Boris Johnson announces 100k critical workers will get priority access to lateral flow tests to keep Britain moving

MORE than 100,000 critical workers will be fast-tracked for lateral flow tests to stop essential services grinding to a halt, Boris Johnson has announced.

The PM is fighting to stop a surge of Omicron cases crippling the country as workers are forced into isolation or struggle to access a test.

The number of people testing positive for Covid in the UK has tipped past 200,000 for the first time in the UK.

These figures are inflated because they include data from the past four days that went unreported from Northern Ireland and Wales due to the bank holiday.

Experts say cases should begin to drop next week.

Speaking to Brits this evening, Mr Johnson made a rallying cry for Brits to get boosted.

He warned: "Anyone who thinks the battle with Covid is over, I'm afraid, is profoundly wrong.

"This is a moment for the utmost caution, but our position today differs from previous waves.

"We know now Omicron is milder than previous variants, and while hospital admissions are rising quickly, with over 15,000 patients in hospitals in England alone, this is not yet thankfully translating into same number needing intensive care."

He said there's a chance we can "ride out this Omicron wave without shutting down our country once again".

"We can keep schools and businesses open and find a way to live with this virus, but the weeks ahead are going to be challenging here in the UK and across the world," he said.


"There is no escaping the fact that some services are going to be disrupted by staff absences.

"We have been working through Christmas to prepare for this.

"If we all play our part, disruptions can be far less severe than a national lockdown with all the devastation that would bring for livelihoods and the life chances our children."

Critical workers in fields ranging from food processing to transport and the Border Force will get lateral flow tests every working day from January 10, he said.

Kits will be sent directly to organisations.

Elsewhere, Mr Johnson warned footie fans and nightclubbers will soon need all three jabs on their Covid passports.

Despite rising cases of the super-strain, ministers are increasingly confident that hospitals will not become overwhelmed as feared.

The PM yesterday said Omicron is "plainly milder" than previous variants following studies showing it is up to 70 per cent less severe.

A third jab also significantly slashes the risk of falling seriously ill – and The Sun's Jab's Army campaign is helping get vital boosters in people's arms.

In major developments:

  • A vaccines guru said the worst days of pandemic are "behind us"
  • Boris Johnson has vowed that schoolchildren won't have to wear face masks 'a day longer than is necessary'
  • A doctor has warned Brits should isolate if they have a cold – in advice that could cripple the economy and the NHS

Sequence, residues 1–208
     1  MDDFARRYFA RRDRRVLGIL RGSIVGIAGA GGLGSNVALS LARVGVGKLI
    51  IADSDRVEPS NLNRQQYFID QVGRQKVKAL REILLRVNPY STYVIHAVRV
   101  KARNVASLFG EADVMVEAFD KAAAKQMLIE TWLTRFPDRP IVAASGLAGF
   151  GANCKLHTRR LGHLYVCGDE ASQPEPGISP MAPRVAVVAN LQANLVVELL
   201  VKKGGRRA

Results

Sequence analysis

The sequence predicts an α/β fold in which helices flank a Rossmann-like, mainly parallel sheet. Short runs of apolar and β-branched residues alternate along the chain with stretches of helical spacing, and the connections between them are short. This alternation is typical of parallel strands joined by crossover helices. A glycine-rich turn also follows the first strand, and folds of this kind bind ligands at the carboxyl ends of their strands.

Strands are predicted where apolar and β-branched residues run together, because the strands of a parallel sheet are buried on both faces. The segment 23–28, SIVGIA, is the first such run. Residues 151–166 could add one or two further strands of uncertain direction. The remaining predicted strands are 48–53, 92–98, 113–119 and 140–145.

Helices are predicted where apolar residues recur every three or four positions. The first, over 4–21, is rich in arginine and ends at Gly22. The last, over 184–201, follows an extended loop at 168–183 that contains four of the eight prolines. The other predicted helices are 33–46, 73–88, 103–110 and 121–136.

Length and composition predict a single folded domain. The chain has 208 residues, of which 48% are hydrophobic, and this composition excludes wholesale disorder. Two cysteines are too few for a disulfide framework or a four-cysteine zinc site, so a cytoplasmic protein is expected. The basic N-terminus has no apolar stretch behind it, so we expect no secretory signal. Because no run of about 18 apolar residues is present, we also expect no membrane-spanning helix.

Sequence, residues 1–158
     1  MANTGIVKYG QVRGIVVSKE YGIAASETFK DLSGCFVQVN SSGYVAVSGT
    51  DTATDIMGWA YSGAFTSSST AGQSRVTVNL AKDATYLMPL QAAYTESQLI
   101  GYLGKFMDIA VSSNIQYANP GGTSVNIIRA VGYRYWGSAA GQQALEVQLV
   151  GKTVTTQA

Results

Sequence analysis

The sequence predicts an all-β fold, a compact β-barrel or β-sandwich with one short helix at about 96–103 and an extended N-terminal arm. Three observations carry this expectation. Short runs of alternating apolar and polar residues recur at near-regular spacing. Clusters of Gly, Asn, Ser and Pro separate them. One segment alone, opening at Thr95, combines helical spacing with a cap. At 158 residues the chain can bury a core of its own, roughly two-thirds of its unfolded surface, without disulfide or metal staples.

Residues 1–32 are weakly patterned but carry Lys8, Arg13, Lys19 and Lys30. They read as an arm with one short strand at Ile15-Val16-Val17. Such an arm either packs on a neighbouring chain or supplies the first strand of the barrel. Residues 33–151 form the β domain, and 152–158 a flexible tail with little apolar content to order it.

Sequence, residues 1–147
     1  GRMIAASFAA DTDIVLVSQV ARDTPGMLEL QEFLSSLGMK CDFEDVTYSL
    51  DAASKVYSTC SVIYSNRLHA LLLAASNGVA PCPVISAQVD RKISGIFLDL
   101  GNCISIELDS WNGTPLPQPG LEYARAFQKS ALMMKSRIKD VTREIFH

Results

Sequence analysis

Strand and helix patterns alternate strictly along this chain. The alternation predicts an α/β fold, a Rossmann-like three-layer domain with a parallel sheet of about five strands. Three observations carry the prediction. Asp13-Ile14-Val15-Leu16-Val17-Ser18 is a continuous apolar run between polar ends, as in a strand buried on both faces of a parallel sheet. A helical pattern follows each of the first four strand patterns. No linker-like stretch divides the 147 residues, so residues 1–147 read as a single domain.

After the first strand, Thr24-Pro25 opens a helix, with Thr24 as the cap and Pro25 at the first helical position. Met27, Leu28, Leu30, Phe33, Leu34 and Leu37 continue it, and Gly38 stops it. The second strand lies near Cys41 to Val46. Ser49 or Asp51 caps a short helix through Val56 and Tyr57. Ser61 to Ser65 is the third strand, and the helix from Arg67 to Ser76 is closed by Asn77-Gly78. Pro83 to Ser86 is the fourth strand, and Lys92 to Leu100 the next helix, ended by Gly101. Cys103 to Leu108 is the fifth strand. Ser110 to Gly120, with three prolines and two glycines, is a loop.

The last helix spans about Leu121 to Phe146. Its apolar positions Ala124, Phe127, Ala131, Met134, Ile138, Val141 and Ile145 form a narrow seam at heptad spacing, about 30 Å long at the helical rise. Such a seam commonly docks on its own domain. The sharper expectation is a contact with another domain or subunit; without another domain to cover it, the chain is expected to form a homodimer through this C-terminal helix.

• Some hospitals have declared critical incidents after the Omicron mutation led to staff off sick

Mr Johnson met officials this morning to pore over the latest data ahead of the decision to hold off slamming on any more harmful measures.

He is expected to stick to the plan of working from home, indoor masks and Covid passports – and boosters – when Parliament returns tomorrow.

Pre-empting the announcement, Health Secretary Sajid Javid said this afternoon: "There's nothing in data at this point that suggests that we need to move away from Plan B.

"I think Plan B, implementing that, has been the right approach and also being absolutely focused on the vaccination programme."

But officials are facing urgent calls to slash the isolation period from seven to five days to ease the pressure of Omicron-fuelled staff absences.

Cabinet Ministers have been told to hammer out back-up plans in case vital sectors creak under the strain of staff shortages.

Soldiers could even be deployed to plug the absences of critical workers if needed.

The PM's spokesman said: "All departments have been asked to look at how they would mitigate against large-scale absences across their relevant workforces, up to 25%."

Kids are also facing chaos on their first day back at school as teacher shortages threaten more closures and a return to damaging remote learning.

Tory MPs are among a legion of voices demanding the quarantine period be cut to speed up the return to work.

But ministers say it could spectacularly backfire and possibly lead to more infections overall.

Vaccines Minister Maggie Throup said: "We don't feel it's appropriate to reduce it any further because we will be very concerned that people will still be infectious and be able to pass on the disease."


Ministers and experts are growingly optimistic that doomsday predictions of swamped hospitals will be avoided.

Matthew Taylor, chief executive of the NHS Confederation, said hospital admissions seem to have "perhaps plateaued in London".

Top boffin Prof Neil Ferguson also believes rates in the capital may be levelling off after a Christmas peak.

He said: "I think I'm cautiously optimistic that infection rates in London in that key 18-50 age group, which has been driving the Omicron epidemic, may possibly have plateaued, it's too early to say whether they're going down yet."

And Oxford vaccines chief Sir Andrew Pollard hailed that "the worst is absolutely behind us. We just need to get through the winter."

A further 157,758 Covid cases were recorded yesterday and another 42 deaths.

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